Linking Students and Water through Technology (TTW) is an environmental education program that trains high school students in the Milwaukee River Watershed to become active decision makers. Through this program, students receive an education in river ecology and responsible citizenship.During the Fall Training Workshop, student representatives from each school learn to collect water quality data and discover how land use practices influence the river. These teams teach their classmates back at school how to perform the nine water quality tests needed to monitor their site twice a year (fall & spring).

Legacy of Innovation

The TTW program was developed in 1989 through a partnership of nine public and private organizations: the Milwaukee Metro Sewerage District, Southeastern Wisconsin Regional Planning Commission, UW- Extension, the Department of Natural Resources, the Milwaukee County Extension, and four nature centers: Schlitz Audubon, Wehr, Havenwoods and Riveredge. Educators and resource managers from these organizing agencies serve on the steering committee and provide technical support to the schools throughout the year. TTW is currently funded by MMSD.

Over the past 20 years, this program has trained over 30,000 students from 42 high schools in five counties within Southeastern Wisconsin. Participants have learned how land use in each community has affected the water quality of the Milwaukee, Menomonee, and Kinnickinnic rivers and their tributaries.

How it Works

Schools participating for the first time in TTW are loaned equipment to perform five water quality tests through the Water Action Volunteers (WAV) program. A $100 deposit check is collected from the school which is held and returned upon completion of the first year of testing.

If the new school signs the TTW commitment letter at the beginning of the next school year, it receives testing equipment to keep as long as they are part of the program.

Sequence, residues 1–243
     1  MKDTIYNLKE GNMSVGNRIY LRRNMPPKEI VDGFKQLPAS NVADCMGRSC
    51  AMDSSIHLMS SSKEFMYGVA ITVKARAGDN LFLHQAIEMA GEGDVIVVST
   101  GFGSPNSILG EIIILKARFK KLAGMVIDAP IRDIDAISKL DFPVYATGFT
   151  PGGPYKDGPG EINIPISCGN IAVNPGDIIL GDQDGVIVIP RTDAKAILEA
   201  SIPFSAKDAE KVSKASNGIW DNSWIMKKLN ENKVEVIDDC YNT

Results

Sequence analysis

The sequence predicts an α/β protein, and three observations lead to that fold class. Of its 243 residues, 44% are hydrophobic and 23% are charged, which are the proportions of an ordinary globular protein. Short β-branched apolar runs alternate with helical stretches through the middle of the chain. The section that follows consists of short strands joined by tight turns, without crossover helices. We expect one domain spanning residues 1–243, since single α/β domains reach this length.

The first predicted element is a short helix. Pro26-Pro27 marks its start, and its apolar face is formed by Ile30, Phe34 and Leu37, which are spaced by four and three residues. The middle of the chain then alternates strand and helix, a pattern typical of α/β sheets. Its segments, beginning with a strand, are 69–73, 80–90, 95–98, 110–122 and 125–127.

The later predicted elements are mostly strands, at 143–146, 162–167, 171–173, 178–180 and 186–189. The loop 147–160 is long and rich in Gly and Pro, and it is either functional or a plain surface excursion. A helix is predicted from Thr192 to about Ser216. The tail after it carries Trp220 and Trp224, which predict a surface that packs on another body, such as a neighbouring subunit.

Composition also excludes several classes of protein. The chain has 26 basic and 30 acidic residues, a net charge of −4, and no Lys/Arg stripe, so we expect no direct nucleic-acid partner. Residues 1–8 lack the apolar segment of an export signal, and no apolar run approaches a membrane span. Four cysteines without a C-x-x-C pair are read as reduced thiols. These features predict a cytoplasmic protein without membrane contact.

Along with the Fall Training Workshop, TTW provides the following services for second year schools:

  • Over $600 of water quality testing equipment and support materials (books, videos, etc.) for each participating school.
  • Transportation funding for 2nd year schools to the Fall Training Workshop or to their test site.
  • Field assistance at the school’s test site from TTW personnel to complete the nine water quality tests.
  • The TTW website that links students throughout the watershed to each other and water quality experts. The database contains 19 years of student collected data which can be used to make comparisons and generate discussions.
  • An annual TTW Water Education Stipend that can be used to take a field trip to an approved provider, purchase replacement chemicals or equipment, pay for busing to the test site or training.
  • A list of reviewed Water Education field trip providers.

School Requirements 

In order to participate in TTW schools are asked to commit to the following activities:

  • New teachers are asked to attend the Fall Water Quality Training especially during the first two years of involvement. Existing TTW teachers are encouraged to bring new students to the Fall Training but are not required.
  • Allow students to conduct water quality tests at local test sites at least once a year, within the month of October and/or April. (We strongly recommend that the tests are performed twice a year.)
  • Report at least one set of water quality testing data (including a minimum of 9 test parameters) for each test site per year to be used on the TTW website.
  • Submit the Water Education Stipend Report form and receipts accounting for how the stipend money was spent.
  • Complete the yearly overall evaluation of the TTW program.
  • Provide for the overall care and upkeep of the water quality testing equipment.
  • Return testing equipment when no longer interested in participating in TTW.

Curriculum Standards

“Testing the Waters” has correlated its program to Wisconsin’s Model Academic Standards. For a complete listing by section and number, contact Riveredge Nature Center. The hands-on interdisciplinary nature of this program makes it ideal for meeting the needs of educators and students.

 Testing the Waters Steering Committee

  • Riveredge Nature Center –Project Director
  • Wehr Nature Center
  • Havenwoods Awareness
  • Environmental Center
  • Wisconsin Department of Natural Resources
  • Milwaukee County Extension
  • Milwaukee Metropolitan Sewerage District
  • Southeastern Regional Planning Commission
  • University of Wisconsin-Extension
  • Menomonee Falls High School
  • Slinger High School
  • University High School

For more information, please contact: 

Mary Holleback, Riveredge Nature Center, 262-375-2715 or mholleback@riveredge.us